All of this is the problem with relativity. We tend to make our purchase decisions in relative ways by comparing them to available alternatives. If people are aware that they are making the decisions from relative comparisons will they be more likely to change their decisions? Maybe, but the fact of the matter is that relative comparisons is how we as human beings make decisions.So, though we may be aware that we are being manipulated by marketers it does not mean it will change the decisions we make.

Wednesday, August 8, 2012

How Does a Customer Attribute Value?

A customer determines value by comparing one thing to another. There is more than one type of comparison a customer can make in any given instance. Customers may value something more highly when they make one kind of comparison than when they make a different kind of comparison. Making a comparison is key for a customer to determine the attributed value the customer gives to a product.

When faced with side by side comparisons people begin to place importance on attributes that do not really matter when it comes to the real value of a product. Often these attributes would not play a role in customer decision making, but faced with side by side comparisons these attributes suddenly seem important to the customer. Thus a customer may end up purchasing a product based on attributes they deem "better" even if they didn't know what the additional benefits offer. Often it is highly likely that before the customer was confronted with side by side comparisons most of these benefits did not matter and would not have played a role in the end purchase of the product.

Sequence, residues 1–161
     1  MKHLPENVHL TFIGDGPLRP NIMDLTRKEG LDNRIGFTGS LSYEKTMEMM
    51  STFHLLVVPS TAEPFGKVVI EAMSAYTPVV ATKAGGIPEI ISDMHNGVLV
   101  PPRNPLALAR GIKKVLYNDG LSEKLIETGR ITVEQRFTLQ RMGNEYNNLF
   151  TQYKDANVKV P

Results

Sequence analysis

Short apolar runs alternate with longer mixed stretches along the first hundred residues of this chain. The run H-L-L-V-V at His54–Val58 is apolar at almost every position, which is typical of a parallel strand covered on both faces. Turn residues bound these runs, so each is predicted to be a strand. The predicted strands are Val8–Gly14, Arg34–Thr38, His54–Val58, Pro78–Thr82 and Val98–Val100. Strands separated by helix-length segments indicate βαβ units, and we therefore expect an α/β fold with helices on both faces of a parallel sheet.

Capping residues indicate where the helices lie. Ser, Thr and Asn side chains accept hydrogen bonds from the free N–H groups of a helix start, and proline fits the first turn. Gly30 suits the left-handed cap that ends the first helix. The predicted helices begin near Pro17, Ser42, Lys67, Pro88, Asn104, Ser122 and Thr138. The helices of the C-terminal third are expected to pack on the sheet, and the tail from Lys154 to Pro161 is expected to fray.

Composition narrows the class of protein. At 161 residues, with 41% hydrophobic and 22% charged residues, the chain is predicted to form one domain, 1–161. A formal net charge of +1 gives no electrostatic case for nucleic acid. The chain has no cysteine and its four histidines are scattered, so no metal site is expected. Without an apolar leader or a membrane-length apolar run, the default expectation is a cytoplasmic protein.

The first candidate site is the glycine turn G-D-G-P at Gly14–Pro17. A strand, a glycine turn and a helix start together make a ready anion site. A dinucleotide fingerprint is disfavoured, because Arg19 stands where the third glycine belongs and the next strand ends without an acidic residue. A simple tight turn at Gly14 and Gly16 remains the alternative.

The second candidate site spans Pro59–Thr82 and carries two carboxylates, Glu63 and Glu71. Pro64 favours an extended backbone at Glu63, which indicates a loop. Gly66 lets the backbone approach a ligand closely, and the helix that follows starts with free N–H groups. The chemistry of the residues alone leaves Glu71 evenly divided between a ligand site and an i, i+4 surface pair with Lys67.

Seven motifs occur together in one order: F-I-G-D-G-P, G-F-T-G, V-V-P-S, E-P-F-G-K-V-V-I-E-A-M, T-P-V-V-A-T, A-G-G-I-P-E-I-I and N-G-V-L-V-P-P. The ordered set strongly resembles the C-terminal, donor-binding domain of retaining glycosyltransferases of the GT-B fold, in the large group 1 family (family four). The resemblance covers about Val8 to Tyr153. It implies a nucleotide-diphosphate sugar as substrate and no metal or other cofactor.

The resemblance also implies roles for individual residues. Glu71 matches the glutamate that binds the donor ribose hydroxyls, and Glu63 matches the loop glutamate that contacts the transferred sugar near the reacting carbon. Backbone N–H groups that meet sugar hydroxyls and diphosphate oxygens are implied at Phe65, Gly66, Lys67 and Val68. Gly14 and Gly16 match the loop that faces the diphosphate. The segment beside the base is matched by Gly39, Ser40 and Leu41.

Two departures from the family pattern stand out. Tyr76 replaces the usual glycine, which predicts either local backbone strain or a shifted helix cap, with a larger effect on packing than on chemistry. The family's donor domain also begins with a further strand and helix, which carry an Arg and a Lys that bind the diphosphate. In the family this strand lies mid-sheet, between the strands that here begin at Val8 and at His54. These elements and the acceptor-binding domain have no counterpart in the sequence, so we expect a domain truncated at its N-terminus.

You may notice that retailers put out large displays of similar products so that people will begin to compare the attributes of these products. People will begin to consider the possible attributes rather than considering whether the product is really better than the similar product. Likewise they will consider these possible attributes when comparing them to the similar product that they ALREADY own. Most of the attributes don't vary drastically, but from a customer who is intent on buying a new product all that is seen is that this product has this attribute and the other product does not have this attribute.

People focus on the attributes that the marketer put in front of them without considering whether this product is really that much better than the one they already own. Thus, if a marketer can place a certain emphasis on attributes that seem important (even though they may not be) they will more likely than not entice the customer into buying a produce even if they may not need or want it.

More often than not a customer will spend more money on attributes that really don't matter (they may not even know the benefits of these attributes). But hey, at least he will be able to brag to his neighbor that his camera has a better flash output than theirs!